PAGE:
Monday, August 16, 2010

What our country's founders were thinking...

There has been a lot of talk lately of our founders having a lot of Biblical intentions in mind when they wrote our constitution.  So what were they reading?  The following passage is from 'The Spirit of the Laws' by Montesquieu. He wrote this in 1731, and the Church put it on Forbidden Book list.  And now, tongue in cheek, but banned books have always been big in Boston. So in 1776, what do you want to bet that our literate, Freemasonry embracing founders had read this bit of wickedness?
Full screen view
The Life, Writings and Philosophies of Montesquieu

 Liberty also requires that the laws concern only threats to public order and security, since such laws will protect us from harm while leaving us free to do as many other things as possible. Thus, for instance, the laws should not concern offenses against God, since He does not require their protection. They should not prohibit what they do not need to prohibit: "all punishment which is not derived from necessity is tyrannical. The law is not a mere act of power; things in their own nature indifferent are not within its province" (SL 19.14). The laws should be constructed to make it as easy as possible for citizens to protect themselves from punishment by not committing crimes. They should not be vague, since if they were, we might never be sure whether or not some particular action was a crime. Nor should they prohibit things we might do inadvertently, like bumping into a statue of the emperor, or involuntarily, like doubting the wisdom of one of his decrees; if such actions were crimes, no amount of effort to abide by the laws of our country would justify confidence that we would succeed, and therefore we could never feel safe from criminal prosecution. Finally, the laws should make it as easy as possible for an innocent person to prove his or her innocence. They should concern outward conduct, not (for instance) our thoughts and dreams, since while we can try to prove that we did not perform some action, we cannot prove that we never had some thought. The laws should not criminalize conduct that is inherently hard to prove, like witchcraft; and lawmakers should be cautious when dealing with crimes like sodomy, which are typically not carried out in the presence of several witnesses, lest they "open a very wide door to calumny" (SL 12.6).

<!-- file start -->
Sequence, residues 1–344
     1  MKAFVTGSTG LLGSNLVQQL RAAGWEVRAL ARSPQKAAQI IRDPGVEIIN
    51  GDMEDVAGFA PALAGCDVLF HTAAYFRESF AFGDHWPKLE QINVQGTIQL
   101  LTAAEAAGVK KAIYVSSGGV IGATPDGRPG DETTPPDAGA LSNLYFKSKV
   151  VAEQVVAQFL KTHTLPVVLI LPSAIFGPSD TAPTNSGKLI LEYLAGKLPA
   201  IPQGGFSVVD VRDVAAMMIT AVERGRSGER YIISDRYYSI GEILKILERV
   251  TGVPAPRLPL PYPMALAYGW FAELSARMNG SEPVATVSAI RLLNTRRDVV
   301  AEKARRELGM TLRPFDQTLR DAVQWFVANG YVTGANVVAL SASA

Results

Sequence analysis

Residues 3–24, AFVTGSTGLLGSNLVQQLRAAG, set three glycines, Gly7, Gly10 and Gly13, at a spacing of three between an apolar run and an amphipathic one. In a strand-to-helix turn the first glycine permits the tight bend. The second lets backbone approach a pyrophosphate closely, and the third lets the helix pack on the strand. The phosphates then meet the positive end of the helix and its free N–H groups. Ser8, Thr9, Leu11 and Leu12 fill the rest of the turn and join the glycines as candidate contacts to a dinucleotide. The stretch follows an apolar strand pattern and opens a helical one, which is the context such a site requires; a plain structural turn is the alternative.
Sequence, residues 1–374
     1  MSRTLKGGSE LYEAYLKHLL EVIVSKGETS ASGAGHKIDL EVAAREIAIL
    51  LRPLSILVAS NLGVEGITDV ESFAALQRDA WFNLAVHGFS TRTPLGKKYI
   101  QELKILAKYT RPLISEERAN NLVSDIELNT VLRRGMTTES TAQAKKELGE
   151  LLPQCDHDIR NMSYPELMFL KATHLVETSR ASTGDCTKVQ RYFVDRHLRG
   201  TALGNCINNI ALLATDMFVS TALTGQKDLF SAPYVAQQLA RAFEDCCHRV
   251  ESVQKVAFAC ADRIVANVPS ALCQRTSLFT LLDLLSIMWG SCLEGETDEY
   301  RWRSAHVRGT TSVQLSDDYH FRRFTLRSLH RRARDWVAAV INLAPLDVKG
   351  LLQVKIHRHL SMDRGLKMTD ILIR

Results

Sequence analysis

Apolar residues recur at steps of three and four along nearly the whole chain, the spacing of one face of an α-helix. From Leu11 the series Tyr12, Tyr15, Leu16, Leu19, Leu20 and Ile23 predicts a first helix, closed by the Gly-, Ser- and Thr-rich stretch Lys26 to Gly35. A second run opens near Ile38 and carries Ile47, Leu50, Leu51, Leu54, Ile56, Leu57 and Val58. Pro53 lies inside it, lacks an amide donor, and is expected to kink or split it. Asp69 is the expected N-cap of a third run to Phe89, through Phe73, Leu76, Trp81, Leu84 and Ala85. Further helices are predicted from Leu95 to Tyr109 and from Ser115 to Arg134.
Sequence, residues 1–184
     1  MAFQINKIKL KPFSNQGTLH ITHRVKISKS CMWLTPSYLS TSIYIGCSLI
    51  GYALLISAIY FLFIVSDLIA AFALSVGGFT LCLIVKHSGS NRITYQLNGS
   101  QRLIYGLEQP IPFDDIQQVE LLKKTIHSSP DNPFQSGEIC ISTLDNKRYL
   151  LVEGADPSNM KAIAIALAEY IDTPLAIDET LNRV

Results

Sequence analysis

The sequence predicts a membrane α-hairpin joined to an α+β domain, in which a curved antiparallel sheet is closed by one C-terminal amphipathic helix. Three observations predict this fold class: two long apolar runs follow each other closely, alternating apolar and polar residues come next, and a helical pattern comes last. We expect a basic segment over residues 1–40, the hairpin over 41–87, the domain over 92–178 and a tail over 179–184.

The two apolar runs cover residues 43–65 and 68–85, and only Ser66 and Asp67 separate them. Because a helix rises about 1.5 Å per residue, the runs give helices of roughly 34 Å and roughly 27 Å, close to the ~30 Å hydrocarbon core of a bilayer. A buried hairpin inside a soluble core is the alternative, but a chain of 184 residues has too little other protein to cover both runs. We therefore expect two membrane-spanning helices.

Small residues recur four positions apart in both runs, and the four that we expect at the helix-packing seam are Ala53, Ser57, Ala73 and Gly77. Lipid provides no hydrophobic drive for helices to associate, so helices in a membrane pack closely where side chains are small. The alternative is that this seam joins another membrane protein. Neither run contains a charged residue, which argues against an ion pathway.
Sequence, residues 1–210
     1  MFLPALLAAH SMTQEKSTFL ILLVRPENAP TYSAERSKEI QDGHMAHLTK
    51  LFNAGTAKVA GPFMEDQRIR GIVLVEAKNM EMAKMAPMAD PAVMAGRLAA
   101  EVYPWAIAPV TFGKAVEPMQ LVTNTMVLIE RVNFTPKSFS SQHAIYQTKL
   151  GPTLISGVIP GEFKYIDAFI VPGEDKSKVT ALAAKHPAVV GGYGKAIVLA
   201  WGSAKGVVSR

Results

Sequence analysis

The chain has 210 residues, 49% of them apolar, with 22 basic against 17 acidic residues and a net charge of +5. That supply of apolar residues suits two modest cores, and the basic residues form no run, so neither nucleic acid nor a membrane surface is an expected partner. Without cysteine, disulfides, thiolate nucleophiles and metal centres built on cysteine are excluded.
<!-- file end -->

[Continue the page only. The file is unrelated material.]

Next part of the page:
No comments:

Post a Comment